I still felt good at the midpoint and the next section would be the stretch in which I would pass the most runners but I began to feel the effort just before mile 16 and it was becoming clear that I did not have my "A" stuff today but I was right where I wanted to be at the 13.1 split. A 5 minute slowdown in the 2nd half is about standard and if I could do that, I would come in under 3:40 and I still had a shot.
8:29/2:12:05 (starting to hurt)
8:21/2:20:26 (still battling hard)
I expected my pace to fall off at or near the 20 mile marker so my split for the 20th mile was not a shock. I did lose a little time because I stopped twice to drink both Powerade and water. Still, I wanted to keep my pace under 9 for every mile in this final 10K and I knew that I needed to be slightly under 9 the rest of the way to finish under 3:40. It was not to be. In the past, my pace did fall off around mile 20 but it didn't get really ugly until mile 23 and this time was no different. The 3:40 pace group blew by me just after mile 22. The young women were chasing a BQ and looked well on their way to getting it. I can't say that I was terribly uncomfortable and I never got any cramps or abnormal tightness or spasms but as hard as I tried, my legs just would not produce until final sprint, which I ran very well (go figure). Here is the ugliness:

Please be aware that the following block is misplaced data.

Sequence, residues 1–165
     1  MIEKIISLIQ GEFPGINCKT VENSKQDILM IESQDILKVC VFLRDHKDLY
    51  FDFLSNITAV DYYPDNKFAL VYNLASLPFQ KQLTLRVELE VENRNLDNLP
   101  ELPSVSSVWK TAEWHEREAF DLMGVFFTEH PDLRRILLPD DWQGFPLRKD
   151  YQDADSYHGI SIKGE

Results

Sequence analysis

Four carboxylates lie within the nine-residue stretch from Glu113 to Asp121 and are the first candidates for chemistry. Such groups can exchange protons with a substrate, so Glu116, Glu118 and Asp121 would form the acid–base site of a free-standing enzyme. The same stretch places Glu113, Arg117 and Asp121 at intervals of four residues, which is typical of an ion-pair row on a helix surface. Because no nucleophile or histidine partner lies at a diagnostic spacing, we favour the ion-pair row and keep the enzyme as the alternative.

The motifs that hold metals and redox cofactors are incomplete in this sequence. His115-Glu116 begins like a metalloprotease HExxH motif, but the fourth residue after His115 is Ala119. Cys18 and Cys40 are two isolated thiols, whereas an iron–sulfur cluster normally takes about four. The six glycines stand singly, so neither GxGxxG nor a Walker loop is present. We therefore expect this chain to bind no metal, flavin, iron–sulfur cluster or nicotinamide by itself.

8:43/2:54:58 (still hanging on)
9:09/3:04:07 (dang it)
9:03/3:13:10 (not bad, just hold on)
9:29/3:22:39 (ugly)
9:40/3:32:19 (very ugly)
9:23/3:41:42 (finish line in view, took caffeinated jelly beans)
1:40/3:43:22 (6 minute PR), 7:30 pace for final .2